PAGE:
How John Williams voted compared to someone who believes that the federal government should conduct a review of our senators and members of parliament (MPs) to make sure that they are all eligible to represent us in Parliament under the Australian Constitution

Division John Williams Supporters vote Division outcome

5th Sep 2017, 5:17 PM – Senate Committees - Legal and Constitutional Affairs References Committee - Reference

Show detail

The majority voted against a motion to address the issue of ineligible Senators and Members of Parliament (MPs) by referring the matter to the Legal and Constitutional Affairs References Committee for investigation with the help of an independent auditor.

This motion relates to the so-called citizenship crisis where several senators (as well as the odd MP) were found to be ineligible for Parliament under the Constitution because they are dual citizens.

Motion text

(1) That the Senate notes that there have now been five current and former senators referred to the Court of Disputed Returns to determine their eligibility under section 44 of the Constitution.

(2) The Legal and Constitutional Affairs References Committee inquire into and report by 14 September 2017 on the following matters:

(a) the eligibility of senators in the 45th Parliament under section 44 of the Constitution in so far as it relates to being 'a subject or a citizen or entitled to the rights or privileges of a subject or a citizen of a foreign power';

(b) the legal liability of senators who know, or have grounds to suspect, that they are ineligible for office but do not come forward with that information, and whether they are defrauding the Commonwealth; and

(c) any other related matters.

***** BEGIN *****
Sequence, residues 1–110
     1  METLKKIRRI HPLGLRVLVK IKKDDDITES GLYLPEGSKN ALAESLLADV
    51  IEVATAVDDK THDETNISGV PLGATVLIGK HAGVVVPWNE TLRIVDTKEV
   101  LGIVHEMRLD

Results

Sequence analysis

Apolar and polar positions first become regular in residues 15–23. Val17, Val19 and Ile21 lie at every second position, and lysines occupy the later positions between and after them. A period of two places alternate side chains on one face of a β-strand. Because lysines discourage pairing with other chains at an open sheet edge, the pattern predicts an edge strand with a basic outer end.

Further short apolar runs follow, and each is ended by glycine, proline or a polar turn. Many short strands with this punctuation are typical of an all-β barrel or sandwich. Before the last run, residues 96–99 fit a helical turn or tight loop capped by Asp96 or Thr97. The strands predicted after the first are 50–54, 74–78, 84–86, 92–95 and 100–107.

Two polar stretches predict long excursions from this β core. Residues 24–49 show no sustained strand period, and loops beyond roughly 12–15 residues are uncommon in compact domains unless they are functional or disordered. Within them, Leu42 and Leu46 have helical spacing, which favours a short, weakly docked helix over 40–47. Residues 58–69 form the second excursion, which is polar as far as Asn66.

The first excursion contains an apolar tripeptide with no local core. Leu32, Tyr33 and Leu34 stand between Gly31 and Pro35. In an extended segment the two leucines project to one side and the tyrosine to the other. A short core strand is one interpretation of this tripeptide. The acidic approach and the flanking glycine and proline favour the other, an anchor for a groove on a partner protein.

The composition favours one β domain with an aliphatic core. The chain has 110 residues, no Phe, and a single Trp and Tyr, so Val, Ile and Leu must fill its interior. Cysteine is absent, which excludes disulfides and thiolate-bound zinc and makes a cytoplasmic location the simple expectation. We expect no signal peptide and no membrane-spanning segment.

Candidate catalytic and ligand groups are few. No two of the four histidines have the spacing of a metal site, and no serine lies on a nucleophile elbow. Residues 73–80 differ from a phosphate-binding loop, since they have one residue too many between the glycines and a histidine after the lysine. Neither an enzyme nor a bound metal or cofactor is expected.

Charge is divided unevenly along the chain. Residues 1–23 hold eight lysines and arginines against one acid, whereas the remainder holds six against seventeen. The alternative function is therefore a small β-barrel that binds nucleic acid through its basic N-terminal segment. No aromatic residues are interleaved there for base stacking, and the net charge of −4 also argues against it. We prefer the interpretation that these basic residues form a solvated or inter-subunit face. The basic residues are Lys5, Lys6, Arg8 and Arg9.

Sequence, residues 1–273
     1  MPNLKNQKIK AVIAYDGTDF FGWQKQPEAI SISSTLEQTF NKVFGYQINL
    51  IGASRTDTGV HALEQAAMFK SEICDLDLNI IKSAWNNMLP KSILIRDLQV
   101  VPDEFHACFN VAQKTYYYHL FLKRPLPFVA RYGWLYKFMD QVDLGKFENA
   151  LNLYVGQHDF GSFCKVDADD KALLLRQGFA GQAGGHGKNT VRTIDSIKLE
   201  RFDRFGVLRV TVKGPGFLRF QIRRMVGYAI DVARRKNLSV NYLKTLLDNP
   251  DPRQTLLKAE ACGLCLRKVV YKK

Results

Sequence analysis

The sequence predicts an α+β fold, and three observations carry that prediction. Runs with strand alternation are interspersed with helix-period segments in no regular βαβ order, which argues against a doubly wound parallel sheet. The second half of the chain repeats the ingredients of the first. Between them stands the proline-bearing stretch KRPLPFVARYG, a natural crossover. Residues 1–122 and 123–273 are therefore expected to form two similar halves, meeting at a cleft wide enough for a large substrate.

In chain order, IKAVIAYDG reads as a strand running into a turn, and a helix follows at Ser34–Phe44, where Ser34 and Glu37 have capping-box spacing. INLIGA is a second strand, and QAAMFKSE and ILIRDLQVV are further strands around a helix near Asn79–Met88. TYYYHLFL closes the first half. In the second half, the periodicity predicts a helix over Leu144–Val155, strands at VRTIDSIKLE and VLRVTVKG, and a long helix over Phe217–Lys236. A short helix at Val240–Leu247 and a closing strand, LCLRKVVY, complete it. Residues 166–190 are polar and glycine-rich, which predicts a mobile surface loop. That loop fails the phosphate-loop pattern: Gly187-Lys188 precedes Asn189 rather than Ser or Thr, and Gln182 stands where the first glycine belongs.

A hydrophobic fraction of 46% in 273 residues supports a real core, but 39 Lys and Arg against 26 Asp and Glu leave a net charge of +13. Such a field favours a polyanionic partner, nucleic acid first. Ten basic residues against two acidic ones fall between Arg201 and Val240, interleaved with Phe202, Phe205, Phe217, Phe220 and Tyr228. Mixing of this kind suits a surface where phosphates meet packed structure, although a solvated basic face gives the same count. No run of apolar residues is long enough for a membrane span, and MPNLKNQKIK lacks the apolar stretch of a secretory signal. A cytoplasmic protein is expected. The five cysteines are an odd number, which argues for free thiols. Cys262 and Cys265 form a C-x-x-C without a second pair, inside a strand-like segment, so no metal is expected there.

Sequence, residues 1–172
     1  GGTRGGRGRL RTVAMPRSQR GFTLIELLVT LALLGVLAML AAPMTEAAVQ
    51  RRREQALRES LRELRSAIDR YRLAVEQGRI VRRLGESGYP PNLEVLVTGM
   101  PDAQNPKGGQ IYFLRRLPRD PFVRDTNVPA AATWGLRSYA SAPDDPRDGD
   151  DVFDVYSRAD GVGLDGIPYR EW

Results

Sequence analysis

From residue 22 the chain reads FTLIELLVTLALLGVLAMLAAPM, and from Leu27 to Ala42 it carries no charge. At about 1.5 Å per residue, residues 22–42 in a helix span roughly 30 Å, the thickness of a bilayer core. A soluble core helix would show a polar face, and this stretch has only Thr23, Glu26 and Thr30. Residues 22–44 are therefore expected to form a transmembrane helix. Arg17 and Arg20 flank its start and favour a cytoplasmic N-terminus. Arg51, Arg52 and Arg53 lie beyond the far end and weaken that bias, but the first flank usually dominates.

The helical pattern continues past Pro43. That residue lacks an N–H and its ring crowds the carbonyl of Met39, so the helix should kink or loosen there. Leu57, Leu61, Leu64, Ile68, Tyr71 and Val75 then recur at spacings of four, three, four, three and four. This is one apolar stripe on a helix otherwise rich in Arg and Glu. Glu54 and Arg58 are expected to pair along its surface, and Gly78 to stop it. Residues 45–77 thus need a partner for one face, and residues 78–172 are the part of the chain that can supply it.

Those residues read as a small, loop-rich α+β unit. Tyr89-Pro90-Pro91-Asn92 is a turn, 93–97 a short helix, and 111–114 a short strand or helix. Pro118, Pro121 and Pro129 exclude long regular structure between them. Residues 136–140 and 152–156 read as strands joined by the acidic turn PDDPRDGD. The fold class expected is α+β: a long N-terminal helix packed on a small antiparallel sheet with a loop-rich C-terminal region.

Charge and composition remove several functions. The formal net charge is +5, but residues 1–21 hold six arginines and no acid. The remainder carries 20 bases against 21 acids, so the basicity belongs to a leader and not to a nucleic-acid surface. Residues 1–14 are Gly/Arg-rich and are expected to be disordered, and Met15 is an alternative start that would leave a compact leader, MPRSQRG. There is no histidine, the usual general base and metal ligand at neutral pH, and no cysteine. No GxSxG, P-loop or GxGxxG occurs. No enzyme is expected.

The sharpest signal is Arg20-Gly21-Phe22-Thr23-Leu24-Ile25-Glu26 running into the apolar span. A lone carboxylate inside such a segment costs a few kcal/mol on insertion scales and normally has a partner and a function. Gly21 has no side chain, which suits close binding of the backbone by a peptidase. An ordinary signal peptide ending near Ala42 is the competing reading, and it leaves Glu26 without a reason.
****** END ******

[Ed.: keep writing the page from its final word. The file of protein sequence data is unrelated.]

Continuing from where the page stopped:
(3) For the purposes of carrying out the inquiry, the committee must as soon as practicable, with the approval of the President, appoint an independent auditor, or auditors, with expertise in migration, citizenship and constitutional law to assist the committee.

(4) The independent auditor or auditors will be able to request to the committee to use its powers to order the production of documents from senators and order them to appear as witnesses and answer questions.

(5) On behalf of the committee, the independent auditor or auditors may present to representatives of foreign governments in Australia and seek information.

No Yes (strong) Not passed by a modest majority

4th Sep 2017, 10:50 AM – Senate Motions - Parliamentary Representation - Qualifications of Senators

Show detail

The majority voted against a motion introduced by Senator Pauline Hanson, which means it failed.

Motion text

That:

(1) the Senate notes that the continued uncertainty regarding the qualifications of a number of parliamentarians under section 44(i) of the Constitution is undermining public confidence in the parliament; and